IRS Audits

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For most people and most entities, the chances of being audited by the IRS in any one year are probably only one percent or less. But if you are selected and your situation is at all sophisticated or complicated, it is now a dangerous reality, for several reasons:

First of all, the tax code throughout its thousands of pages contains many terms such as “intent”, “primary purpose”, “effect”, etc. Those are terms which we think refer to some thought process in your brain. Wrong. As far as the IRS is concerned, intent really means “what an auditor, when, as and if you are audited, decides your intent was, based on the paperwork he has in front of him at the moment”. And don’t blame the auditor. When the code says “intent”, a necessary part of his job is to try to figure out what yours was.

Unfortunately, audits generally have to cover so much territory in so little time that an auditor may only be able to spend a minute or two on any given issue. This means that preparation and organization on your part before the audit are critical so the auditor can accurately and immediately grasp the substance of the particular transaction being examined. Being sure to document fully and unarguably the business reasons (as opposed to tax reasons) you entered into any transaction can make a huge difference.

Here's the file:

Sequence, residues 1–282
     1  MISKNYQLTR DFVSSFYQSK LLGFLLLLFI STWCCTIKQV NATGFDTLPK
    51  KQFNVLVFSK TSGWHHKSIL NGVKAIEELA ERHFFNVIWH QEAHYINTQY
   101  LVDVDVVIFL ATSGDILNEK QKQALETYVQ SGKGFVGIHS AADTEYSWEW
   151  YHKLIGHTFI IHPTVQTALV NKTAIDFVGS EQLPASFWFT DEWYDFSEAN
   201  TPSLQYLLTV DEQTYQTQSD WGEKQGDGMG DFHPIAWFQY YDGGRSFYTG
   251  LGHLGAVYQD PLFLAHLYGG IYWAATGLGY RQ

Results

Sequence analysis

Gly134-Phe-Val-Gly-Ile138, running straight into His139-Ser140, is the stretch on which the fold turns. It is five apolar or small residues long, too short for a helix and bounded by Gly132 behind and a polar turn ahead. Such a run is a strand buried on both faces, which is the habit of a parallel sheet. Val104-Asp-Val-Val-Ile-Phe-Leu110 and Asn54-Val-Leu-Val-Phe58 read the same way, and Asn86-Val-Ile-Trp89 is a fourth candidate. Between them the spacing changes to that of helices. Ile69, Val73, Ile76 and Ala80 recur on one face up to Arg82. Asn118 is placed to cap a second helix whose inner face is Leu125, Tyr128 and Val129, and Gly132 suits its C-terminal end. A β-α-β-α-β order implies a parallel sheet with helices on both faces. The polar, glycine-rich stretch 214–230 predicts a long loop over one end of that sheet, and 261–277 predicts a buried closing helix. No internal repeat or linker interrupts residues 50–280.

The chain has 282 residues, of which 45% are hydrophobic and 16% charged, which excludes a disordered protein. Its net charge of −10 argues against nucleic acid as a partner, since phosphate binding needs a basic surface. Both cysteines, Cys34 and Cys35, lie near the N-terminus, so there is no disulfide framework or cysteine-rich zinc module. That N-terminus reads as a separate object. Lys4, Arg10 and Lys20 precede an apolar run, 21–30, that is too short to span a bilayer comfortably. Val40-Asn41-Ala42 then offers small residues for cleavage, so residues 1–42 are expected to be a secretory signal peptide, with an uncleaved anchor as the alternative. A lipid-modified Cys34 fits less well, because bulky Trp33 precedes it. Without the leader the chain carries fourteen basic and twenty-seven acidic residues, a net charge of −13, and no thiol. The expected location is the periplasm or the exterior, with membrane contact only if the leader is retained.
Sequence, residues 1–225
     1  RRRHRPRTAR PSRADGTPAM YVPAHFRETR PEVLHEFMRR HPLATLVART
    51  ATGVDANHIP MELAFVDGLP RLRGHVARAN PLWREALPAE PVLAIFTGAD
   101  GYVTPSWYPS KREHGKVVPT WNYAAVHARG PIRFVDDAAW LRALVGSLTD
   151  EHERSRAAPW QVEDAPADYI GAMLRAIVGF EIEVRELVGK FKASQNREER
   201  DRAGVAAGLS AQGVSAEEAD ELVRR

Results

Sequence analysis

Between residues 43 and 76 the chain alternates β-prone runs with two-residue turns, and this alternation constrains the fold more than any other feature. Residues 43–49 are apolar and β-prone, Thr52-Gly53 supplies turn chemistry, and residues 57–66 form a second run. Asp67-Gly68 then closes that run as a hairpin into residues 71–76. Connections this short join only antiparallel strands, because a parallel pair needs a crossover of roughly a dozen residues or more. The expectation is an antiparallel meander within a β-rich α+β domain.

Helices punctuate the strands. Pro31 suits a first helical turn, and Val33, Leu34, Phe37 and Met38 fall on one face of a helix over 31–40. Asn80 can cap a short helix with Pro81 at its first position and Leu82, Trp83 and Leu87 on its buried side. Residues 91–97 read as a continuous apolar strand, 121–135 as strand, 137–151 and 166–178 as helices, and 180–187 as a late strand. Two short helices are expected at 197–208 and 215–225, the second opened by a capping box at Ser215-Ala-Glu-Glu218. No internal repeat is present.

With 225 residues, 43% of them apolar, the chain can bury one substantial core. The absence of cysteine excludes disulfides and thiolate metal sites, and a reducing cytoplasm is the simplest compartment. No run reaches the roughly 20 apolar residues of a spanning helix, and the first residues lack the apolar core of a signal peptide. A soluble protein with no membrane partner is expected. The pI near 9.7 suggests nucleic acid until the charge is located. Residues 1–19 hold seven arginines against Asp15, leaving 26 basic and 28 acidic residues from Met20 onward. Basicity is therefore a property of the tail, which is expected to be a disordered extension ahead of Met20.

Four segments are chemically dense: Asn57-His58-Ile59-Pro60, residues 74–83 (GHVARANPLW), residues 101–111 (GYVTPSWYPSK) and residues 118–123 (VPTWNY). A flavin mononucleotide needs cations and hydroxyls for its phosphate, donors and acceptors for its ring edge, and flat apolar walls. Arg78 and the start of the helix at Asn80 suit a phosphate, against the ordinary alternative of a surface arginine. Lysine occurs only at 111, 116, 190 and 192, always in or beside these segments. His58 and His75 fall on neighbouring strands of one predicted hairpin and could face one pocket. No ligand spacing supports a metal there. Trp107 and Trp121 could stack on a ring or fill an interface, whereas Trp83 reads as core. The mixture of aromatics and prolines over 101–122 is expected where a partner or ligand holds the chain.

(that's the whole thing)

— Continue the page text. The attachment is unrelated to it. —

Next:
The IRS requires your information not only to be correct, but to be documented to its satisfaction. if you show up with missing, incomplete, unclear or sloppy paperwork, you can quickly find yourself in a de facto “guilty until proven innocent” environment, which is an unfamiliar world for most of us. Poor documentation is often the main reason why taxpayers have to pay large amounts of additional taxes, interest and penalties. It is also why an IRS agent will sometimes extend the audit to other entities and/or years. After all, you have proven yourself to be fertile territory. The IRS’ stated audit function is not to correct tax returns. It is to raise revenue. Forget that at your peril.

I have gone through audits with taxpayers where the preparation to audit ratio was greater than 10:1. In other words, more than forty hours of preparation for a four hour audit. When significant tax consequences are at stake, this kind of preparation is only wise, and fairly typical.

Setting up your business correctly and having good procedures and controls not only will make an audit less terrifying, but will also reduce the odds of being selected for audit in the first place. When dealing with IRS audits, it’s not just the odds, it’s the possible consequences that need to be factored into your decisions of how to prepare.

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